– Jenny S Park
Photo: Google

credit access in Uzbekistan
Uzbekistan is setting strong economic precedents for the European and Central Asian region. New supportive legislative policies have increased government spending on education and training programs. Global economists argue this is one of the main reasons Uzbekistan’s GDP has increased by more than eight percent the past three years.

Recent economic success is also attributed to growing economic freedom allowed by a currently changing Soviet-style economy. Uzbekistan has the most diversified economy in Central Asia. This provides an increase in GDP per capita, which has been increasing steadily over the past three years as well. Improvements in GDP per capita are strong indicators of improvement in personal living standards.

At present, the service sector accounts for about 45 percent of GDP. Examples of common Uzbekistan services include car repairs, the medical industry, teaching and the food industry. Not far behind services lies industry and agriculture. Uzbekistan is the world’s fifth-leading cotton exporter and seventh-leading producer.

Economic projections for the private sector show a steady increase over the next few years. Fiscal space in the government budget allows the economy to increase stimulus without increasing public debt. This leaves the public to continue growing in wealth while working simultaneously to steadily boost GDP.

The Banking System

Credit access in Uzbekistan is likely to increase due to recent banking growth. More money circulating through the Uzbekistan economy raises banking lending power. In the past, Uzbekistan banking systems limited access to foreign investments due to governmental regulations. Almost all money contributed had come from the domestic system.

Exclusive banking provided benefits such as domestic accountability. An increase in Uzbekistan credit access relied on loans by the population. Other past pros to this system included resilience to global financial crises. Banks proved most effective in 2014 when domestic capital injections provided immunity from failing global counterparts.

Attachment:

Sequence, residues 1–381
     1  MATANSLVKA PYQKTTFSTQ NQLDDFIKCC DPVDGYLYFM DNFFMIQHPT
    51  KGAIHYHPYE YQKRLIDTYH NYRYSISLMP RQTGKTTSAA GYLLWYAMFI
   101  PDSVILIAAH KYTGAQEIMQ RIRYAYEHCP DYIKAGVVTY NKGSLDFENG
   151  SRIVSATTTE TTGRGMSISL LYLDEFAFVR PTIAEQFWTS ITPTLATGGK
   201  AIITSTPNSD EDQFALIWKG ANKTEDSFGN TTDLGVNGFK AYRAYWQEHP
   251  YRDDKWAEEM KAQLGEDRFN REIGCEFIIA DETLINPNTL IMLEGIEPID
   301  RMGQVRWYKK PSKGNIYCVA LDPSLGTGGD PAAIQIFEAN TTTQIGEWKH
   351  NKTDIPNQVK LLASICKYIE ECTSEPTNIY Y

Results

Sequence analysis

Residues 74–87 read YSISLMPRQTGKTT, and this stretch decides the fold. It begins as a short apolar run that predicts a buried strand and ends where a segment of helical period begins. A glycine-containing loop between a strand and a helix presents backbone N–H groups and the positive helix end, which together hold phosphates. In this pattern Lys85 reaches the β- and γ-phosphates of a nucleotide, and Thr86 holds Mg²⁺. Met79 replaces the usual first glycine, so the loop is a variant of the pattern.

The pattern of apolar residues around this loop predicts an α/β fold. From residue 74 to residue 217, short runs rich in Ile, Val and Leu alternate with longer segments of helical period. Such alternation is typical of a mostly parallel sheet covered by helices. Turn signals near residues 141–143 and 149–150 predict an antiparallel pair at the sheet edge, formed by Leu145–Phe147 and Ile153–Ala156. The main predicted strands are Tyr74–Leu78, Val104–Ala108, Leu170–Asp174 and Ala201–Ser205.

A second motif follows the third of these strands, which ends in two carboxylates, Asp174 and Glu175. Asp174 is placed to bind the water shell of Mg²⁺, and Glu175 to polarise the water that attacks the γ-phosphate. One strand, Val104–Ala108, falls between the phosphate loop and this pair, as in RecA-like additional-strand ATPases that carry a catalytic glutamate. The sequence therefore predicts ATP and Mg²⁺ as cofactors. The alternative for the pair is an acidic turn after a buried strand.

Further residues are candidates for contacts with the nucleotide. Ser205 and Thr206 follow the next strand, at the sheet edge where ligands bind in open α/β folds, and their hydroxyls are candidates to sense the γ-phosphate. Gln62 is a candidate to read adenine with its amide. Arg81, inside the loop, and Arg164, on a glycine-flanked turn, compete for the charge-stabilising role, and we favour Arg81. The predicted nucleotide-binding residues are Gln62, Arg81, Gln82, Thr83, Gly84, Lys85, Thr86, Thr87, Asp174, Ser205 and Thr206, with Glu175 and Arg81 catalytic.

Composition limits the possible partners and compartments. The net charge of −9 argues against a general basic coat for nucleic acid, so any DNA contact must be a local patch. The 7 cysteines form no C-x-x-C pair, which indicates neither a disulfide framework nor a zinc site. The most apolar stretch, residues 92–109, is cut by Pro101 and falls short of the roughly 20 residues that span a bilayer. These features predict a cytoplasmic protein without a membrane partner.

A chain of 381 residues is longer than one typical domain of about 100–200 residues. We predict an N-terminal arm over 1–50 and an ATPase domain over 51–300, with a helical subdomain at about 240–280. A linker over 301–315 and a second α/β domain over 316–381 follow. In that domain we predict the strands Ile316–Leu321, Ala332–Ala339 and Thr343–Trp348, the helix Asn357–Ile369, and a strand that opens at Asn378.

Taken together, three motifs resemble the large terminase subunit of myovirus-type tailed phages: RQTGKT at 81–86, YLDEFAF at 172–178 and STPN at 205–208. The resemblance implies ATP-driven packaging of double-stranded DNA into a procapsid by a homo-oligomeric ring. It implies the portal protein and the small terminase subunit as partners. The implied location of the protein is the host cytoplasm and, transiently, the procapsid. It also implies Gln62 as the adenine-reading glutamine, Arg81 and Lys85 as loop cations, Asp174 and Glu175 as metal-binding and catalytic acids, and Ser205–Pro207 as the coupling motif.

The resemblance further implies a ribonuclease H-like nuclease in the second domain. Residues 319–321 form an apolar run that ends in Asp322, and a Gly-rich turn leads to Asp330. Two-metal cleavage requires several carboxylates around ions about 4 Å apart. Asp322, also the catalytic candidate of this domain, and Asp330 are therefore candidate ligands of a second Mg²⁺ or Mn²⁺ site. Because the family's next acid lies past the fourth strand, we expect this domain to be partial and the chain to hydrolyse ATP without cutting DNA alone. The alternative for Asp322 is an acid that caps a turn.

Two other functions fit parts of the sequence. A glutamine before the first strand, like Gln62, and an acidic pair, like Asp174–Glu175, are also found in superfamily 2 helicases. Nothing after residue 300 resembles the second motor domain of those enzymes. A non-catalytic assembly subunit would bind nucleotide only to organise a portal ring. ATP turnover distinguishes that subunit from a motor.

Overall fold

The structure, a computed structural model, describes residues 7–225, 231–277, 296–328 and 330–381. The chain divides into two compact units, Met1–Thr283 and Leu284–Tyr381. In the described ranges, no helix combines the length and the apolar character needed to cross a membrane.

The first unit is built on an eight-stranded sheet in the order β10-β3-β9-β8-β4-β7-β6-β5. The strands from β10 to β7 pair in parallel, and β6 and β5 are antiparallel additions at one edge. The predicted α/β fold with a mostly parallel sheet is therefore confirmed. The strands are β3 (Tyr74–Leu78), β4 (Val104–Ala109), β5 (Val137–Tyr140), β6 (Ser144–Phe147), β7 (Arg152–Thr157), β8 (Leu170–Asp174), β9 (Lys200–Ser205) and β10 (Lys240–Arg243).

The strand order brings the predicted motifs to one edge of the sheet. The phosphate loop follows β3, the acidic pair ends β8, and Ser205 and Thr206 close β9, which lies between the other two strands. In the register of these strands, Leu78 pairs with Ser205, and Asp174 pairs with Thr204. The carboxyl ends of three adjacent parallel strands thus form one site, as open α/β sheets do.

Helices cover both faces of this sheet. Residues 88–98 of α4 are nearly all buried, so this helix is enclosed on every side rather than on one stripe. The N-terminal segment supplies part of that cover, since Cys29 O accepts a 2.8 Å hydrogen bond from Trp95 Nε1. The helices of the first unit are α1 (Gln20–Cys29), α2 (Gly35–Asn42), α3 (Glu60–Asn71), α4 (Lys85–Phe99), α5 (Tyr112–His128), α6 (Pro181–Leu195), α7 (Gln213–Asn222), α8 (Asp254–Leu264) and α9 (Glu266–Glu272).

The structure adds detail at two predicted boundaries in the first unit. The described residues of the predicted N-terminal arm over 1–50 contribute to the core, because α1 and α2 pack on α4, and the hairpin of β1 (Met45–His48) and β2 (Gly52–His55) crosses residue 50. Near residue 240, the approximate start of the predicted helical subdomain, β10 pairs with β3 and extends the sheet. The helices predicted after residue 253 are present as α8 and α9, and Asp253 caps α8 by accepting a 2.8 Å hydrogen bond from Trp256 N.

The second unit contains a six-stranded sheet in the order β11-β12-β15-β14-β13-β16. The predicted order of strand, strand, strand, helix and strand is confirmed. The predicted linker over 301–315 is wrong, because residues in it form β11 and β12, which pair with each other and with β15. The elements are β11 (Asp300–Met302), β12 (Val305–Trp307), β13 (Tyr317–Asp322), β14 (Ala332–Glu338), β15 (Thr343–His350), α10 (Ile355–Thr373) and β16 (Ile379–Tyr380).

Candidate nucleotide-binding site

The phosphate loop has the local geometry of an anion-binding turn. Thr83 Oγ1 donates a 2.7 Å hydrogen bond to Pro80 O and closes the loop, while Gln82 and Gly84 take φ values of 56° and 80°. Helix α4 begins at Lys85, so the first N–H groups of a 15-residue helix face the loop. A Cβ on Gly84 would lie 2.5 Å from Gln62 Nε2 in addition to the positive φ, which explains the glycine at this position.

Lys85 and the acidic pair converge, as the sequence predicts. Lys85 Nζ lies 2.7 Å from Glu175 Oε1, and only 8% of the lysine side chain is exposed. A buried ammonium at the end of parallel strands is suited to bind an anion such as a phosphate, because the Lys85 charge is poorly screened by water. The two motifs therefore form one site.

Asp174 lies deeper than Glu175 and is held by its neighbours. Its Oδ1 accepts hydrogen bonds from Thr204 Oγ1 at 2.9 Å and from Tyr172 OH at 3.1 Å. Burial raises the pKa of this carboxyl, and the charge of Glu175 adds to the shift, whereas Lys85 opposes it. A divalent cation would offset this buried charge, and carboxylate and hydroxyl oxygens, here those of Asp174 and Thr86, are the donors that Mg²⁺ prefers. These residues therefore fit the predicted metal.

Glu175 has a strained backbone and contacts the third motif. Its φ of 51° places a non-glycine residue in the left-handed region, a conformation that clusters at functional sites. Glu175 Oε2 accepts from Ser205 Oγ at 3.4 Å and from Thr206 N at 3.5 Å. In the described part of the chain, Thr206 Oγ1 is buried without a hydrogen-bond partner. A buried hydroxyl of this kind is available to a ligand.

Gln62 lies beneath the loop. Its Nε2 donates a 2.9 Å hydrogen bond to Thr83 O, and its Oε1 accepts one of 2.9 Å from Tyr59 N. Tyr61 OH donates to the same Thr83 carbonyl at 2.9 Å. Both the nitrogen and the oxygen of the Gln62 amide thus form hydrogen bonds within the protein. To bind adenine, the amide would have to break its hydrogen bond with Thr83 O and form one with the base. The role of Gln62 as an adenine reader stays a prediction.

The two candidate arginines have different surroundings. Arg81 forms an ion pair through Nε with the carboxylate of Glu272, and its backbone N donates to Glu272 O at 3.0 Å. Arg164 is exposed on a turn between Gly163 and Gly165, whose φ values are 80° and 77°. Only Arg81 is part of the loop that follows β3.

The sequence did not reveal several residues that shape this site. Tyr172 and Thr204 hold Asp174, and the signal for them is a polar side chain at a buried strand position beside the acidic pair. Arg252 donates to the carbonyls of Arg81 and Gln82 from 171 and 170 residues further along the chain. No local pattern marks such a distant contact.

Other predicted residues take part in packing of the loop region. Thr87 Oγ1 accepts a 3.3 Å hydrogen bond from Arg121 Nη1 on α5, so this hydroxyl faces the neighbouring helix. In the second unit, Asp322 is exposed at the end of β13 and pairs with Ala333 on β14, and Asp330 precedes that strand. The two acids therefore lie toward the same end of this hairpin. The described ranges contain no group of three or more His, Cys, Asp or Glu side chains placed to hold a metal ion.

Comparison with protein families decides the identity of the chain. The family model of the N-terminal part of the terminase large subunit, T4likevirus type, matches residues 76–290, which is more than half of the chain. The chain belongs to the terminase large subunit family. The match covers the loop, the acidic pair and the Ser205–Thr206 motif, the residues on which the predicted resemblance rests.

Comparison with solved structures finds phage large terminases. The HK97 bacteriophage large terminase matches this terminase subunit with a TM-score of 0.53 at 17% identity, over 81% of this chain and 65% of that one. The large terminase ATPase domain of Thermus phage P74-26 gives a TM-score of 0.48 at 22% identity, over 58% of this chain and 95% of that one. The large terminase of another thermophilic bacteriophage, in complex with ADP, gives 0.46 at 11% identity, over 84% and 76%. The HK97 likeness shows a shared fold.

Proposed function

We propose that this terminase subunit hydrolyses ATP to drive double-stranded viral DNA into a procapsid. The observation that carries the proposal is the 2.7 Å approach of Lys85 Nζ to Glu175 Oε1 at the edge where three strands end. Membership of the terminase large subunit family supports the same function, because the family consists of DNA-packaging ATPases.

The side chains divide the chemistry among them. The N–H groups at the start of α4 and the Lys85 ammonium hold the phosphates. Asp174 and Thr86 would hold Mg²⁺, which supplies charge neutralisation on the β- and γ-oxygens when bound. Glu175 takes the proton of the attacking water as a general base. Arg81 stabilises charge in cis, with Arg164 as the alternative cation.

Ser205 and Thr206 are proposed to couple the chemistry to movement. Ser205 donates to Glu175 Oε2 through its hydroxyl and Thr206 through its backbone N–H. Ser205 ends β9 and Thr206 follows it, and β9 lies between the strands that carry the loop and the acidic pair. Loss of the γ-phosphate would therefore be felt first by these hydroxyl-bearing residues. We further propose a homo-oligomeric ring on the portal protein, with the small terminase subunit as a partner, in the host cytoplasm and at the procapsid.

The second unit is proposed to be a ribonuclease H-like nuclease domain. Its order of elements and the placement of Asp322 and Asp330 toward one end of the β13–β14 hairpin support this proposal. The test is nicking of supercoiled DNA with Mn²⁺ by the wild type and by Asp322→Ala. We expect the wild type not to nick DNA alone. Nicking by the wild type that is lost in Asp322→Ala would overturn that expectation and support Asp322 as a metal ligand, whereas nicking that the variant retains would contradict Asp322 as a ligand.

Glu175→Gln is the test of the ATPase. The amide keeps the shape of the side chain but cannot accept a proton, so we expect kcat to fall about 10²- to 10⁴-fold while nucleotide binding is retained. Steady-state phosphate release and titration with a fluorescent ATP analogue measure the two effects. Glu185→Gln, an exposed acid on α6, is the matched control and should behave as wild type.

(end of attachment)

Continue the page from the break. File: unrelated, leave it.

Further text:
This, however, has changed in 2018. Total banking capital increased 26 percent in 2014, and this year banking directors met to discuss boosting central bank interdependence with foreign allies to target foreseen inflation rates.

Banking directors continue to emphasize the importance of regulation to create and maintain a newly inclusive baking system. The new system would include an interactive global policy regarding foreign loans and cooperation.

Personal Credit Access in Uzbekistan

Smaller banking also influences credit access in Uzbekistan. A closer look reveals smaller economic changes, some of which include assistance from the International Finance Corporation (IFC). The IFC is a member of the World Bank and works to improve business in the private sectors of developing countries.

Private sector investments from the IFC have improved credit access in Uzbekistan in several ways. For example, the financial Markets Infrastructure Program (2009 to present) aims to create and improve credit information sharing. Members of the public can now receive an accurate prediction of loan repayment possibilities.

The current program also educates possible loan participants on formal risk factors associated with taking a loan. The certification for financial institution employees is the most prevalent in this project, as it allows job creation while creating a more knowledgeable private sector.